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Review by: Christopher Golinski and Scott Kahn

  Features Usability Sound  Documentation & Product Support  Price 
Contact Info  Overall Rating—Product Summary
Roland Octapad SPD-30

Back in 1985, Roland unveiled the first OCTAPAD, and it has enjoyed a long history in the drum kits of thousands of drummers. What started out as simply a MIDI controller with eight drum pads has now evolved into a compact drum production workstation.

Rather than requiring the use of external sound modules (or drum machines, back in the day), the new SPD-30 ships with an onboard sound engine. If you’ve spent any time with Roland’s V-Drums products or some of their current music workstations, you know what to expect: a wide variety of great drums sounds ready to play.

And if you were to add nothing more than an electronic kick drum trigger and mounting stand, you would have the most portable drum solution ever conceived for songwriting and rehearsal sessions. It’s about time drummers can take their kit with them on a Manhattan subway or London tube for a casual jam or songwriting session!

Blending the old with the new, the familiar pad interface will have veteran OCTAPAD drummers (and newcomers) up and running in a matter of minutes, either using on-board drum kits or triggering your favorite computer-based virtual instruments, samplers, and vintage drum machines. With improved pad sensitivity, great onboard sounds, and useful expansion options, the SPD-30 offers one of the simplest ways to incorporate pro-level electronic drums into your acoustic kit.


3.5 Stars

Roland Octapad SPD-30 DetailsAt a glance, it’s easy to see that the SPD-30 features eight individual drum pads. Not only are they sensitive enough for both stick playing as well as hand playing, but the sensitivity is adjustable individually for each pad, making it easy to create a custom kit with a few hand-optimized percussion pads and a few pads ready to be played with a stick.

Any instrument sound assigned to a pad can contain two layers (Inst A and Inst B) that each trigger different sounds. In the case of a hi-hat sound, for example, one pad can be set to trigger a closed hi-hat sound up until the velocity of your strike hits a certain user-defined threshold, and then an open hi-hat sound is triggered. Or, you might have a snare drum sound assigned as the primary sound on a pad, but striking with additional force would trigger a rim-shot.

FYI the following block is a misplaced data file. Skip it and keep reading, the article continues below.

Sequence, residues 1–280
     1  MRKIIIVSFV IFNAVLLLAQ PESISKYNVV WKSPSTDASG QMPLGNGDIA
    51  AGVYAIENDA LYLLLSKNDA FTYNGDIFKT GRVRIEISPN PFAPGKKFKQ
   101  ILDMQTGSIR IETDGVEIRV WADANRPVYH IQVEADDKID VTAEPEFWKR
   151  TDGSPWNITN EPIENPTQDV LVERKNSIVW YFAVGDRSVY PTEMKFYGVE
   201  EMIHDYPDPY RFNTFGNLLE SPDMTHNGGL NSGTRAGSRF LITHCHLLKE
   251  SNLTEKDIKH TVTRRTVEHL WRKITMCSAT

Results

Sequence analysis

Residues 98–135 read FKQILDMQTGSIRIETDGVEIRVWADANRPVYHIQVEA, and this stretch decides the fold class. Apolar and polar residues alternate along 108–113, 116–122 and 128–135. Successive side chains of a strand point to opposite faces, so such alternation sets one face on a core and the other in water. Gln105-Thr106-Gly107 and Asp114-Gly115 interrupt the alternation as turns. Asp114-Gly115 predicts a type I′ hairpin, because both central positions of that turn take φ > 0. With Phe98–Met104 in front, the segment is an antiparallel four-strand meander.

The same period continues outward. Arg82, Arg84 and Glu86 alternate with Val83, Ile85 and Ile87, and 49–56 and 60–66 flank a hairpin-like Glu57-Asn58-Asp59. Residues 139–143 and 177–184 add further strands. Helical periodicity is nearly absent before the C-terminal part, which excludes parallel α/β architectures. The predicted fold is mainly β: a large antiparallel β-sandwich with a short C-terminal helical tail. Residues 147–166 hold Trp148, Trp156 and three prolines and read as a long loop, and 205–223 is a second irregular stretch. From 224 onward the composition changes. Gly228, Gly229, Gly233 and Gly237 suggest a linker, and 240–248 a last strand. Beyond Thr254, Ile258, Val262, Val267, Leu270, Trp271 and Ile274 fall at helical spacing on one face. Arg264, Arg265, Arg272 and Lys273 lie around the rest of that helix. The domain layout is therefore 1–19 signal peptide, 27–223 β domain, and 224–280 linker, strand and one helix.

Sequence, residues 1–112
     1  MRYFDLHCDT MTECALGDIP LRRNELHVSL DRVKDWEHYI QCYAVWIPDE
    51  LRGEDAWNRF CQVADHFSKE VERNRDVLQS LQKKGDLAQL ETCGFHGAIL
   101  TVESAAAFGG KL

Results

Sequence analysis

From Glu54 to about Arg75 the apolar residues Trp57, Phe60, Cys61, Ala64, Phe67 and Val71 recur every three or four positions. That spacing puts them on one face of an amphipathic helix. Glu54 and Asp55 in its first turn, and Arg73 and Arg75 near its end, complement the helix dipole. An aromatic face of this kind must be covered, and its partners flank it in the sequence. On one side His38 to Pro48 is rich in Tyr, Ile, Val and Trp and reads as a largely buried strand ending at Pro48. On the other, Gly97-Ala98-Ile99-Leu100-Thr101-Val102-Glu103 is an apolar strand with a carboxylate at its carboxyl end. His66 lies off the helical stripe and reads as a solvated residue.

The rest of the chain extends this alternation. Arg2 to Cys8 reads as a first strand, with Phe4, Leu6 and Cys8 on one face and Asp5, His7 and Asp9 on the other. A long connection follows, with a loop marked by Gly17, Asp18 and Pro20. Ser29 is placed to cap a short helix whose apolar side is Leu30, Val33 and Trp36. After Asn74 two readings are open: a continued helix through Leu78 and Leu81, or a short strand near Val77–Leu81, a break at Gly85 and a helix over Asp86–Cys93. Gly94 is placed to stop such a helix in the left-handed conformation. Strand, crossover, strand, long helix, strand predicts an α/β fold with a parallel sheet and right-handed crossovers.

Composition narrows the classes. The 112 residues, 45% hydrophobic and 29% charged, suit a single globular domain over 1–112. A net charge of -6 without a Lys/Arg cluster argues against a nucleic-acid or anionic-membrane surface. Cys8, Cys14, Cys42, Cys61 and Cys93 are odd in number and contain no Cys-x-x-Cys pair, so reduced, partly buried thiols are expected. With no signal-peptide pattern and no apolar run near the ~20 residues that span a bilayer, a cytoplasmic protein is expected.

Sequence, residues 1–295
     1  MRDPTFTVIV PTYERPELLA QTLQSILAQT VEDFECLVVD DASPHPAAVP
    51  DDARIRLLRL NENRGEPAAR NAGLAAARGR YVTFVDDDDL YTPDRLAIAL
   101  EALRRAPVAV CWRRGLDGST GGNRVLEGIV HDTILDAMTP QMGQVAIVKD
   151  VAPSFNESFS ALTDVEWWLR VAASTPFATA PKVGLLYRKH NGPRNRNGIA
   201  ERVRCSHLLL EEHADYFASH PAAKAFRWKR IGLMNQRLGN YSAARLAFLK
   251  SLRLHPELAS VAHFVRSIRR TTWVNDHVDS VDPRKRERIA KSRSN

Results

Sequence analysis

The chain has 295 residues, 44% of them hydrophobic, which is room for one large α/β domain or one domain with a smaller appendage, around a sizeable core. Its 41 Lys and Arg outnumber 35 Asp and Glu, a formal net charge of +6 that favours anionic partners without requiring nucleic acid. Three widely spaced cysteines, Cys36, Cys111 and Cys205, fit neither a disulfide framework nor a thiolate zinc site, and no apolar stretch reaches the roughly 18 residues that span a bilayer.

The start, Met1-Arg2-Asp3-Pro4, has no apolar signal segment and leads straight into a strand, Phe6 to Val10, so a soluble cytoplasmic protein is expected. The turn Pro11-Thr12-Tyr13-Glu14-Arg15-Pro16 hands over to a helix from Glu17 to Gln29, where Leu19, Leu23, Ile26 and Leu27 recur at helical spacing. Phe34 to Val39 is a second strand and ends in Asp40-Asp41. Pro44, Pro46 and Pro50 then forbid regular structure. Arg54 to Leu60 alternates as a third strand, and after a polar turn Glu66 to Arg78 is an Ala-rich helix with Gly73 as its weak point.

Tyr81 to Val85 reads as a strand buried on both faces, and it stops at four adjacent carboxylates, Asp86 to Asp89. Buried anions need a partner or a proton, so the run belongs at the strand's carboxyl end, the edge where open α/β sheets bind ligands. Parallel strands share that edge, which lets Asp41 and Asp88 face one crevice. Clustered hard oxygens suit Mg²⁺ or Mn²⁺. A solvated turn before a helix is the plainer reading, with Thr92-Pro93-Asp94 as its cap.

There are inputs for five external trigger inputs: four are dual-trigger inputs, and one is a hi-hat controller input. You could either build a small electronic drum kit around the SPD-30 as a brain with “extra” built-in pads, or you could connect acoustic drum triggers that are attached to heads in your acoustic kit.

An additional jack enables connection of one or two footswitches for controlling various features within the SPD-30 such as selecting drum kits or operating the phrase looper (pattern sequencer).

The SPD-30 contains 670 different instrument sounds and has memory to save fifty virtual drum kits (plus a USB memory stick port for storing additional data). Each drum sound can be customized, with parameters for Tuning, Muffling, Soft Attack, Tone Color, Pitch Sweep, Volume, Pan, and Reverse.

Live performance has always been at the heart of the OCTAPAD line, and kit chaining lets you define the order in which different kits are selected. In a live setting, drummers commonly use a foot switch to change from one kit to another on a song-by-song basis, and while you could go through the effort of saving kits to the onboard memory in the order of your set, it’s much simpler to define a chain so that your selections (by foot or from the directional arrows on the face of the unit) go from Kit 1 to Kit 3 to Kit 37 to Kit 22 and so on, easily updated when the singer in your band changes the set list ten minutes before the show.

The SPD-30 also has onboard effects. There are thirty different multi-effects that can be applied to individual drum kits (including limiting, EQ, delay, etc.) and global effect settings — seven types of ambience — that can be applied to all kits in the SPD-30. This is useful for creating a common acoustic space for all of your drum kits, but then individual kits within your “room” can have dedicated effects, plus the ability to individually bypass the ambience setting.

The Phrase Loop feature is a simple pattern sequencer. It enables you to perform/record up to three patterns layered on top of one another, each using a different drum kit, so that you could record a drum beat, layer some percussion on top, and then layer a tambourine or cowbell for that classic ‘70s vibe. A mixer lets you adjust the levels of each layer, and you can save up to fifty phrases in the onboard memory (more to your external memory stick).

A USB memory stick can be used either to back up the entire contents of your SPD-30’s kit and phrase memory, or you can select individual kits and phrases for external saving (or loading into the onboard memory). This is for backup only, though — you can’t access additional kits/phrases in real-time from the memory stick (not that you really need immediate access to fifty kits in a given session).

The SPD-30 features both traditional MIDI In/Out jacks as well as a USB MIDI connector for interfacing with either a host computer or directly to other MIDI gear. You can use the OCTAPAD to play drum parts into your computer-based DAW or sequencer, or you can use a host sequencer to trigger the SPD-30’s internal sounds just like working with any external MIDI sound module.

Roland Octapad SPD-30 Rear Pannel

The SPD-30 is not a sampler, and it does not have memory in which to load custom samples. For those capabilities, Roland makes a similar product, the Roland SPD-S Sampling Percussion Pad.


3.5 Stars

The fantastic usability of the SPD-30 showcased its best qualities. For starters, the playability of the pads is amazing. Though extremely durable and made to take a beating, the pads also articulately responded to one-inch strokes at pianissimo, and even responded accurately when played with brushes. Not only that, but the pads also had a rather wide dynamic range (which is not very common).